Antony Beevor, Stalingrad (2004, Penguin 2008)
Antony Beevor visited Sydney for the Writers’ Festival in 2007. His talk was interesting, and it evoked high-quality audience questions that came from a whole world of War History geekiness previously unknown to me. Although he’d recently published a book about the Spanish Civil War, it was Stalingrad that generated the serious senior fanboy passion. We bought the book not much later, but didn’t start reading it until July 2008. Now here we are, in mid 2011 and it’s done!
Notice I said ‘we’. The reason I took longer to read the book than Anthony Beevor took to write it is that I read it exclusively on long car rides, aloud to my regular driver, usually known on this blog as The Art Student. Apart from the reading being disrupted by our lamentable failure to do much travelling by car in the last three years (two return trips to Canberra, perhaps one southward, and just now north to Red Rock and surrounds), it was an excellent way to read this book.
As with Jared Diamond’s Guns, Germs and Steel, another car-journey book, the flow would be interrupted frequently by one or other of us exclaiming, querying, drawing parallels or pronouncing judgements. Once or twice, we had to stop the car so the driver–listener could peruse a map. After a certain point I stopped reading out the full name of every military unit, and occasionally I would give up the struggle to pronounce a German or Russian name in full. But such bumpy moments in no way detracted from the book’s holding power. It manages to move, apparently without effort, from close-up accounts of human cruelty, brutality and suffering to a broader strategic narrative; from the obsessions and denials of Hitler and Stalin, to the petty rivalries, quirks and duck-shovings of the officers on both sides, to the German troops’ sentimental yearning for family or the Russians’ pursuit of alcohol.
The wonderful Barbara Ehrenreich said on her blog recently, ‘War has been, and we still expect it to be, the most massive collective project human beings undertake.’ Having just read about the sheer logistics of attack and counter-attack, siege and counter-siege at Stalingrad, I can only say, ‘True, that!’ ‘But,’ Barbara Ehrenreich continued, ‘it has been evolving quickly in a very different direction, one in which human beings have a much smaller role to play.’ If that’s so, we can only be glad of it. The human participants in Stalingrad endured almost unbelievable extremes of cold and hunger: men literally dropped dead from hunger, wounded soldiers froze to death by the cartload. They performed acts of understandable but almost unimaginable cruelty and callousness: Russian prisoners-of war starved in scenes that foreshadowed the images of Jewish prisoners at the end of the war; German prisoners were shot at random by their Soviet guards. There was plenty of heroism as well, of course, and an extraordinary episode of contact between individuals from both sides.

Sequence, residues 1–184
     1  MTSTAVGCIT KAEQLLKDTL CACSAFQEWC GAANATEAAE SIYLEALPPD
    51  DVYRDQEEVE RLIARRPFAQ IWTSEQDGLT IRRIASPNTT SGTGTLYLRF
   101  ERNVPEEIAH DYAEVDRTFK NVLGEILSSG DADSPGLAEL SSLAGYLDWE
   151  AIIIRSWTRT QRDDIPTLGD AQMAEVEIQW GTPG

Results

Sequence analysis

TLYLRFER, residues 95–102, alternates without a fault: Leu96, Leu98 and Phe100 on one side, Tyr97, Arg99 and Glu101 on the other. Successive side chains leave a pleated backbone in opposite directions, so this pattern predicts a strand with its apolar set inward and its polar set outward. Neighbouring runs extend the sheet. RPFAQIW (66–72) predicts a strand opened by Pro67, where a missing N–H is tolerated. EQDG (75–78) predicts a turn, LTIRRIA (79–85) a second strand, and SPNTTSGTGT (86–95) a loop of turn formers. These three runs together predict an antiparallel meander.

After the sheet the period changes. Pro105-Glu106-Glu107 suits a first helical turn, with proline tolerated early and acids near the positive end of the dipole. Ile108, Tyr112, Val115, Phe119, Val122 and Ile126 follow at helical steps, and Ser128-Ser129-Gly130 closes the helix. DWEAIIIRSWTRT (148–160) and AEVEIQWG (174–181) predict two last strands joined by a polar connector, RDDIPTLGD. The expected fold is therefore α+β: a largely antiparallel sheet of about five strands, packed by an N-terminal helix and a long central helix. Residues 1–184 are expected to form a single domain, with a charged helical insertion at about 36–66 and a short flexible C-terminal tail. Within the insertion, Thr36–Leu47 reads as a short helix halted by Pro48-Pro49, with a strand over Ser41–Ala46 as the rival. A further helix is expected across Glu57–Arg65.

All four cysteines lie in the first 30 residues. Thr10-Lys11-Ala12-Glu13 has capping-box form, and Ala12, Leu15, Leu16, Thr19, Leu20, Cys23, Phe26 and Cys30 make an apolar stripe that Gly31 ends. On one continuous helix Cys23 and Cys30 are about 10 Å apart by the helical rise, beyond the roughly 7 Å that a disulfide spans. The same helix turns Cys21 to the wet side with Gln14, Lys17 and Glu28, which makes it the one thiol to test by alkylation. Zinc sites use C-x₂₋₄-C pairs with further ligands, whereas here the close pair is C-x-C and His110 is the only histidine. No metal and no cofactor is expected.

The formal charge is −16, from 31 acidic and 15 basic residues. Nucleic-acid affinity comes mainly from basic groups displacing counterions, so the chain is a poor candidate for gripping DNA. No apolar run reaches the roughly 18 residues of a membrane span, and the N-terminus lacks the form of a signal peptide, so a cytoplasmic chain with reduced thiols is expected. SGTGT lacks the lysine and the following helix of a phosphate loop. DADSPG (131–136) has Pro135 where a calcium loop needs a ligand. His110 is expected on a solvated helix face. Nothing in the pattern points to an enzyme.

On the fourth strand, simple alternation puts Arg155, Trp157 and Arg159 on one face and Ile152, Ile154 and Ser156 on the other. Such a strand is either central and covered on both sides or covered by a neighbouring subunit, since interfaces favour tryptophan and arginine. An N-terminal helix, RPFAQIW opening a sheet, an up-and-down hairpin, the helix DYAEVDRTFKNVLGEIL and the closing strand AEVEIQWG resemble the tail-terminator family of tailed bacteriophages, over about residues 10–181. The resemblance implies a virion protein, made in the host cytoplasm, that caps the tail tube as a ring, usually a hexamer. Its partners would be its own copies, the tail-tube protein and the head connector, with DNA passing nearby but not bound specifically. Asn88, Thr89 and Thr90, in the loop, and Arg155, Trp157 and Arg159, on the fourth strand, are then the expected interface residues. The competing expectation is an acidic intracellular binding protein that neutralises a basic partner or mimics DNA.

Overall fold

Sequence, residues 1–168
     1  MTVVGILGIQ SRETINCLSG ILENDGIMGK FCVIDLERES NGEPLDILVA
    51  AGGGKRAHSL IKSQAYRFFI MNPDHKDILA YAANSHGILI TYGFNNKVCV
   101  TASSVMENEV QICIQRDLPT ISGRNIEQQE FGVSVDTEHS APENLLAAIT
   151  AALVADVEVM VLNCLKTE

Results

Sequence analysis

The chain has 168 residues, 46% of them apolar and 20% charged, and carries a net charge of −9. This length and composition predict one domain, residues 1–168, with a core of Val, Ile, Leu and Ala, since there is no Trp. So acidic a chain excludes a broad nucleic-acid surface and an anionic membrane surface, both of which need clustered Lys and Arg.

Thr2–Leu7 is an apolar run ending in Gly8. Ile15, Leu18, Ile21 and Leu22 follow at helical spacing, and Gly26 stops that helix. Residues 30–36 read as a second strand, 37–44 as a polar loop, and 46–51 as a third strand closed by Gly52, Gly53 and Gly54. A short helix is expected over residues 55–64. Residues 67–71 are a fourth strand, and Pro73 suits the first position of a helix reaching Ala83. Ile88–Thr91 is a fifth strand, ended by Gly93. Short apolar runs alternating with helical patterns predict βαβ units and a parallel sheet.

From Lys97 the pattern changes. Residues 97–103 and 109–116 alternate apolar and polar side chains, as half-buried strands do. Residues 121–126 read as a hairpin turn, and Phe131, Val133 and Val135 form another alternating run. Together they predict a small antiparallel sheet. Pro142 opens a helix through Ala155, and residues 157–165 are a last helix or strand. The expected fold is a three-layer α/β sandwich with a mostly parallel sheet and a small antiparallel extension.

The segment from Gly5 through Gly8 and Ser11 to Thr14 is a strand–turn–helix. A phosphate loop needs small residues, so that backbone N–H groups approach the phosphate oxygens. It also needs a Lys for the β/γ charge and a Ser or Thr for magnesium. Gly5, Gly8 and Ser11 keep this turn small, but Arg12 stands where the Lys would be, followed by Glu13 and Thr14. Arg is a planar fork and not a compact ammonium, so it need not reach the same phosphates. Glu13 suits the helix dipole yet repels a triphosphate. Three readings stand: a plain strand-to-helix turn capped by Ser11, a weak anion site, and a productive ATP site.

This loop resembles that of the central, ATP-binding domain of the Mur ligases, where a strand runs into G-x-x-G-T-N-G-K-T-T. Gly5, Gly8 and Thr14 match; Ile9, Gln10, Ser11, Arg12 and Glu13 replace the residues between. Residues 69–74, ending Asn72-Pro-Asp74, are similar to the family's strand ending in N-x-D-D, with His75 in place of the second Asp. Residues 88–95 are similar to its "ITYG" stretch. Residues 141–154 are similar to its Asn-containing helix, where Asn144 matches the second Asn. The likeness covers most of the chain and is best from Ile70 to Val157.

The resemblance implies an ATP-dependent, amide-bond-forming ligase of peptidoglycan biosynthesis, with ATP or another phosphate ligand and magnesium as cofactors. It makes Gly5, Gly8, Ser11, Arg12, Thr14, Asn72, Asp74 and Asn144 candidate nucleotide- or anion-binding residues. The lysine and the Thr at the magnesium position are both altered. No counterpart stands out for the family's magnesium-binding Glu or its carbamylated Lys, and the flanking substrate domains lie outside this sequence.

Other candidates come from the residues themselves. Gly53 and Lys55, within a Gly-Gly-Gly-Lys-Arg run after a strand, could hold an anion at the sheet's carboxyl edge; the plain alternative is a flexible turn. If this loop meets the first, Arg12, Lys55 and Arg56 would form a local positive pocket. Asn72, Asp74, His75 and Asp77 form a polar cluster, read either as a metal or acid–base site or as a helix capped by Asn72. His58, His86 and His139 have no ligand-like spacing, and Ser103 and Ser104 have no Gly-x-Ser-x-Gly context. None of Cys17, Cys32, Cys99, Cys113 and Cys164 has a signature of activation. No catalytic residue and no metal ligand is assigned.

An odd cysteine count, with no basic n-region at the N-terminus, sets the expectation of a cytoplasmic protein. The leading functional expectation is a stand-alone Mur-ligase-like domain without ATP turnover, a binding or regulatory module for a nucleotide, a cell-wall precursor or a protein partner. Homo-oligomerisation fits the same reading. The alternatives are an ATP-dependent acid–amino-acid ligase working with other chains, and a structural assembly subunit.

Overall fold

I turned down two page corners. The first was to mark the account of Hitler’s speech on 30 January 1943, the 10th anniversary of his accession to power, when the German army at Stalingrad was surrounded, starving, under-equipped, low on ammunition and facing almost certain defeat (Hitler expected them to fight on and the generals to commit suicide). The speech, delivered for some reason by Goebbels, made just one mention of Stalingrad:
The heroic struggle of our soldiers on the Volga should be an exhortation to everyone to do his maximum in the struggle for Germany’s freedom and our nation’s future, and in a wider sense for the preservation of the whole of Europe.
Of course there’s no comparison with the circumstances of Australian troops in Afghanistan, but doesn’t that rhetoric sound awfully familiar, and isn’t it equally hollow?
My other turned-down corner marks that contact between individuals I mentioned. In early January, when things were already obviously hopeless for the Germans, the Russians sent envoys under a white flag to offer a truce. The whole episode, drawing on an unpublished manuscript by Nikolay Dmitrevich Dyatlenko, one of the envoys, is marvellously told, full of poignant detail, but one moment grabbed my imagination.The envoys approach the German lines. They call out that they have a message for the German commander-in-chief.
‘Come here then,’ [a warrant officer] said. Several more heads popped up and guns were levelled at them. Dyatlenko refused to advance until officers were called. Both sides became nervous during the long wait. Eventually, the warrant officer set off towards the rear to fetch his company commander. As soon as he had left, German soldiers stood up and started to banter. ‘Rus! Komm, komm!’ they called. One soldier, a short man, bundled in many rags, clambered up on to the parapet of the trench and began to play the fool. He pointed to himself in an operatic parody. ‘Ich bin Offizier,’ he sang.
_____‘I can see what sort of an officer you are,’ Dyatlenko retorted, and the German soldiers laughed. The joker’s companions grabbed his ankles and dragged him back into the trench. Smyslov and Siderov [the other envoys] were laughing too.
And then back to the serious business of war, of the truce being offered and refused as per Hitler’s orders, and thousands more deaths being decided by the event. But in the middle of all that, with the stakes so high and the conditions already so desperate, that short man, bundled against the terrible cold, could stand tall and mock the whole catastrophe.